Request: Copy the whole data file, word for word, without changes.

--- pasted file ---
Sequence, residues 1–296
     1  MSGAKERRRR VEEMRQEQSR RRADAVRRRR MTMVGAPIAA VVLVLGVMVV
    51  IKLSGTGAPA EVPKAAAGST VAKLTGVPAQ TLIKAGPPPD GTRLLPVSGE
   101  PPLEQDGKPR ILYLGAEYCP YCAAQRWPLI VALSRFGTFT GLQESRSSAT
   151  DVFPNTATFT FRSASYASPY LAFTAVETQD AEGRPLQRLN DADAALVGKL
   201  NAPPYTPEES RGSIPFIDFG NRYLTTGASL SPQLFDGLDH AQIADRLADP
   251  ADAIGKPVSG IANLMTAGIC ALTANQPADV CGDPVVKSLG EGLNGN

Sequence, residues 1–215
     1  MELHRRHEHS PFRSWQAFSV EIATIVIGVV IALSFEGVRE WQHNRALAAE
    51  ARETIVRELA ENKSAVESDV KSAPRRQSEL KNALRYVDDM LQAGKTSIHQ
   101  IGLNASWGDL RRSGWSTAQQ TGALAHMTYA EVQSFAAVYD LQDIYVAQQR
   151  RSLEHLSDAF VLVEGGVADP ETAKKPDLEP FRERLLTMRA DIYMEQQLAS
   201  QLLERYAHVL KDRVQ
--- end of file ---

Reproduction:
Sequence, residues 1–296
     1  MSGAKERRRR VEEMRQEQSR RRADAVRRRR MTMVGAPIAA VVLVLGVMVV
    51  IKLSGTGAPA EVPKAAAGST VAKLTGVPAQ TLIKAGPPPD GTRLLPVSGE
   101  PPLEQDGKPR ILYLGAEYCP YCAAQRWPLI VALSRFGTFT GLQESRSSAT
   151  DVFPNTATFT FRSASYASPY LAFTAVETQD AEGRPLQRLN DADAALVGKL
   201  NAPPYTPEES RGSIPFIDFG NRYLTTGASL SPQLFDGLDH AQIADRLADP
   251  ADAIGKPVSG IANLMTAGIC ALTANQPADV CGDPVVKSLG EGLNGN

Sequence, residues 1–215
     1  MELHRRHEHS PFRSWQAFSV EIATIVIGVV IALSFEGVRE WQHNRALAAE
    51  ARETIVRELA ENKSAVESDV KSAPRRQSEL KNALRYVDDM LQAGKTSIHQ
   101  IGLNASWGDL RRSGWSTAQQ TGALAHMTYA EVQSFAAVYD LQDIYVAQQR
   151  RSLEHLSDAF VLVEGGVADP ETAKKPDLEP FRERLLTMRA DIYMEQQLAS
   201  QLLERYAHVL KDRVQ